An Australian man has been refused bail after being charged with a foreign interference offense for accepting cash from suspected Chinese intelligence agents, with a Sydney court saying his close ties to China made him a flight risk.

Magistrate Michael Barko said Alexander Csergo was a “sophisticated, worldly businessperson” who had been on the radar of Australian intelligence for some time before his arrest on Friday.

The prosecution had a strong case against Csergo, who had lived in China for decades, Barko said in refusing bail.

Csergo is alleged to have arrived back in Australia this year with a “shopping list” of intelligence priorities he had been asked for by two people he had suspected since 2021 to be agents for China’s Ministry of State Security, the court heard.

The pair, named in court only as “Ken” and “Evelyn,” first made contact with Csergo through LinkedIn.

This shopping list had been discovered by Australian intelligence authorities three weeks after Csergo returned to Sydney, the court was told.

Csergo had been allegedly asked to handwrite reports about Australia’s AUKUS defense technology partnership with the United States and Britain, the QUAD diplomatic partnership, iron ore and lithium mining, Barko said.

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A marketing executive, Csergo, 55, was arrested in the beachside suburb of Bondi on Friday.

He is the second person charged under Australia’s foreign interference law, which criminalizes activity that helps a foreign power interfere with Australia’s sovereignty or national interest. It carries a maximum 15 year prison sentence.

Csergo appeared in court via video link from Parklea Prison where he is being held as a high security prisoner. His mother and brother were in court.

Csergo had told Australian intelligence agents in an interview that when he met Ken and Evelyn in Shanghai cafes and restaurants, the establishments had been empty and he suspected they had been cleared, Barko said.

He developed a high level of anxiety and was in “survival mode,” he had told the Australian authorities.

Csergo had exchanged around 3,300 WeChat messages with the pair, and had accepted cash payments in envelopes, Barko said.

Barko raised concerns for Csergo’s safety, saying some people may not want him to give evidence against China.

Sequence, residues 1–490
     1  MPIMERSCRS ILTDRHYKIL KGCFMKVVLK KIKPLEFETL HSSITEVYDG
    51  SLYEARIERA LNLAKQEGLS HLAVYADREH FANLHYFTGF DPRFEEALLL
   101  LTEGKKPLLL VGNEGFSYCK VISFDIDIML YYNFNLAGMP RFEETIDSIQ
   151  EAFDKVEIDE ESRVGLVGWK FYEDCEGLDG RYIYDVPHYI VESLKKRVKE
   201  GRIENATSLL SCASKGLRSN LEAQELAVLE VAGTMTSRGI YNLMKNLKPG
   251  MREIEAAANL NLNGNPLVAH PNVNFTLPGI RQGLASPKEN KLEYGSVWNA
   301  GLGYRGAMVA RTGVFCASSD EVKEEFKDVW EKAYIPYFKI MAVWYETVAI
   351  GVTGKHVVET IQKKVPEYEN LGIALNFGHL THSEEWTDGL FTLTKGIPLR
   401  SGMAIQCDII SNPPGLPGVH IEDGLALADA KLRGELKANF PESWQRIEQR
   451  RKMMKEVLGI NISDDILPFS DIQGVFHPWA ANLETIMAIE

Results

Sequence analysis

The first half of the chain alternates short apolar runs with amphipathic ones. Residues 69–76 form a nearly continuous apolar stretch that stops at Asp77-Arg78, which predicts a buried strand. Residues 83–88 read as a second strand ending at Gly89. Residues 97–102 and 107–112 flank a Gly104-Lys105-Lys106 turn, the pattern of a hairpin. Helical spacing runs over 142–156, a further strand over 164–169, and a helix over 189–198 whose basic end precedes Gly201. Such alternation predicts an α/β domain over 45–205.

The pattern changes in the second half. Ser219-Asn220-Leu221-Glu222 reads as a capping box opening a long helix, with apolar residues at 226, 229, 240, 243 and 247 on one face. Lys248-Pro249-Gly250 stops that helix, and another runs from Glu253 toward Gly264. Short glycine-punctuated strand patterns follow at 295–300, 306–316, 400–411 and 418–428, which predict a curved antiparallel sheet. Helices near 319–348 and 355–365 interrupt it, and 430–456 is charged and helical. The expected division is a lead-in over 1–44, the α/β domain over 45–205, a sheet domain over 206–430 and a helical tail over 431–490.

Csergo’s lawyer, Bernard Collaery, had sought bail, saying the reports Csergo had written were based on publicly sourced information and the case against his client was “shallow and unsubstantiated.”

Prosecutor Conor McCraith disputed this, saying it was not all open source because he had engaged covertly with two others to prepare reports. He also said Csergo had not come to Australian authorities with his concerns about Ken and Evelyn, and had instead invited Ken to come to Australia.

Collaery said making cash payments was a common business practice in China, and Csergo undertook the consulting work during the COVID-19 lockdown in Shanghai as a source of income.

“Of course he believed Ken and Evelyn were keeping tabs on him. That’s how it works in China, he became very worried about it,” Collaery said.

Csergo had worked in China since 2002 in data marketing, including for a major international advertising agency.

Collaery said Csergo’s career had come “tumbling down” since his arrest and he had no intention to return to China and instead planned to pursue the Australian government for damages for ruining his career.

Collaery told media outside the court the case was a “civil liberties” issue and raised concerns about the scope of the foreign interference law introduced in 2018.

“If you work as a consultant in any foreign country… and you undertake consulting work that may relate to Australia’s foreign influences or national security… you can be guilty of foreign interference,” he told reporters.

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